“Theres something about this womans art and how Elizabeth would relate to this woman that have—you have to wait and see—but perhaps even a profound effect on her,” Fields says of Elizabeths relationship with Erica. “Its going to be one of the final espionage relationships of Elizabeths career in the story that were telling.”

“Elizabeth is someone who has no relationship to art. If shes ever thought about art, its been through socialist realism, essentially through propaganda,” continued Fields. “Thats how she was born and raised in the Soviet Union to think about art, that it only has a political purpose. She doesnt really look at or see art in any way that would touch her humanity or touch her soul. We wanted to sort of play with that idea, and see if somehow unconsciously the art could get in and affect her.”

The second-to-last episode is titled “Jennings, Elizabeth,” suggesting that—and were going out on a limb here—there is some sort of break, disruption, or change to her cover identity. Meanwhile, the series finale is titled “START”—an acronym for the Strategic Arms Reduction Treaty signed in 1991, the same year the U.S.S.R. dissolved and the Cold War ended.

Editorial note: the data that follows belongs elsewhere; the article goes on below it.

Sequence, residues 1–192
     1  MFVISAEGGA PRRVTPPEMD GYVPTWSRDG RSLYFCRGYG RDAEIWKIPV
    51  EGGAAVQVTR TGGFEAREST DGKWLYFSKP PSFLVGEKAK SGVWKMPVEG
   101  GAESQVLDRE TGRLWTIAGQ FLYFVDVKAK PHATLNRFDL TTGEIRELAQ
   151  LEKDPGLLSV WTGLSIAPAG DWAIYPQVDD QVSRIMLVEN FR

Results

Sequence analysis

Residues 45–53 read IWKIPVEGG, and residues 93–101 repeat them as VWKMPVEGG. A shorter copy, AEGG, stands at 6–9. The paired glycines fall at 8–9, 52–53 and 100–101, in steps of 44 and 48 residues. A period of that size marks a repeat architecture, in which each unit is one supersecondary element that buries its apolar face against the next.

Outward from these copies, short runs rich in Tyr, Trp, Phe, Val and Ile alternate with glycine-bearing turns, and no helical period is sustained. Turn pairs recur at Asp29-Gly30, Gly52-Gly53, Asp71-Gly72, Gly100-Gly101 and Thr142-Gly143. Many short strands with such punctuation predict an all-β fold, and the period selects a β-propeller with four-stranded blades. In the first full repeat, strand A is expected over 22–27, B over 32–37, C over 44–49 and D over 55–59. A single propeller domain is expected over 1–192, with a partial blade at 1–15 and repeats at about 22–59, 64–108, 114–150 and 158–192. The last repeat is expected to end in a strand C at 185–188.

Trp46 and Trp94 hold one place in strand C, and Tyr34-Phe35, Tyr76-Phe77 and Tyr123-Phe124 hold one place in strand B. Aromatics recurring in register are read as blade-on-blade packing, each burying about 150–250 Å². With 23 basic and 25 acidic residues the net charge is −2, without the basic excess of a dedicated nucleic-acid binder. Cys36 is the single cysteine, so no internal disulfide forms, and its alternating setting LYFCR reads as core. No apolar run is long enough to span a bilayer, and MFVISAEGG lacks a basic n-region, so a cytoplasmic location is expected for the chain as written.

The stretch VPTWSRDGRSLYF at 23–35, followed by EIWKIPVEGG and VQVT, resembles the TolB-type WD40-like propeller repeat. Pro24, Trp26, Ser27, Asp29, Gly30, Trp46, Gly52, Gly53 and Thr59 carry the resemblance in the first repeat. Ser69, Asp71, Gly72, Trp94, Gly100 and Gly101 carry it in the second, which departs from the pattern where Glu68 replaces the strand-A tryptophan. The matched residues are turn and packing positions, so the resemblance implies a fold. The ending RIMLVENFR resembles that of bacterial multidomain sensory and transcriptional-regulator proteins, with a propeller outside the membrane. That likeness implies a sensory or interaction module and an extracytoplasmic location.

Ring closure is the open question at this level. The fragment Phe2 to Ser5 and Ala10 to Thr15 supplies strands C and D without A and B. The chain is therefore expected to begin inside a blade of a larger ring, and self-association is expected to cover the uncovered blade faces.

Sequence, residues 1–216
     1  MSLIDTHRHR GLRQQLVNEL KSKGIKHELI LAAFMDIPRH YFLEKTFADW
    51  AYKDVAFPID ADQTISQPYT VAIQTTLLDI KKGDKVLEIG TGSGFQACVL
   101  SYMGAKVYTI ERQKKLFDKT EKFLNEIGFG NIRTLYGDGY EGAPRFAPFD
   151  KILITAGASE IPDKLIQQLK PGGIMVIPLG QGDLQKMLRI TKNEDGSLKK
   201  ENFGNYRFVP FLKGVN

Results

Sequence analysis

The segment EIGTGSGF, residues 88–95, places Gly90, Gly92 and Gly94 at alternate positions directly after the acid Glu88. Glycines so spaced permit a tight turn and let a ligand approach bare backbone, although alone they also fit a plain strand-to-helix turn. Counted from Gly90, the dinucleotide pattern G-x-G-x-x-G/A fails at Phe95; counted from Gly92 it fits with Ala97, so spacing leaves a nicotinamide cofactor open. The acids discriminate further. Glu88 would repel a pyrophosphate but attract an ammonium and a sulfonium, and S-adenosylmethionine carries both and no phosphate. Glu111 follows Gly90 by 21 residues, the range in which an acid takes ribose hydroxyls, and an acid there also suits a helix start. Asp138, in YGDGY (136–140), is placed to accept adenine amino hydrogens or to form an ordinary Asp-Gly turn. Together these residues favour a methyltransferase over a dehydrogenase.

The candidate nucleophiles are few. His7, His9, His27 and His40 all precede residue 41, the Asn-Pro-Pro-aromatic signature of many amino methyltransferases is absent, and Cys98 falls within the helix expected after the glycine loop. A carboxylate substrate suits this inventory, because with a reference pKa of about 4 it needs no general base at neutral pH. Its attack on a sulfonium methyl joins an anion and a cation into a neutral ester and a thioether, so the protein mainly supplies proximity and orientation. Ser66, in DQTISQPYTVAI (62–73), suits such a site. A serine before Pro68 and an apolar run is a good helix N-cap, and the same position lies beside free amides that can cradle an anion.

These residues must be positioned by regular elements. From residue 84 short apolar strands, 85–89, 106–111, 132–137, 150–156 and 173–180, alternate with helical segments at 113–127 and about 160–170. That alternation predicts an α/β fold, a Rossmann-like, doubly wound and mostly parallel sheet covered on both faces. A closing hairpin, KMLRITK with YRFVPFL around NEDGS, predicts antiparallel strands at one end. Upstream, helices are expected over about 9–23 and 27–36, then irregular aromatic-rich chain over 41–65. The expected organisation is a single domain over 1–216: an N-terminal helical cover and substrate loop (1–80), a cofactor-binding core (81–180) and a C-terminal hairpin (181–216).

When the series premiered in 2013, audiences were able to appreciate it as a period drama. But with the resurgence of nuclear-weapon talks, and Russias new role in American politics, the FX dramas final season is recast in an eerily contemporary light—a fact that depresses the shows creators.

“We would prefer for the show to metabolize in a world in which people are looking with bemusement at Russia, as the enemy of the past, and wondering why they were ever demonized,” lamented Fields. “Instead of looking at the show with fresh eyes, considering the Russians new enemies. Thats pretty unfortunate. We look forward to the show being viewed nostalgically again.”

Get Vanity Fairs HWD NewsletterSign up for essential industry and award news from Hollywood.Julie MillerJulie Miller is a Senior Hollywood writer for Vanity Fairs website.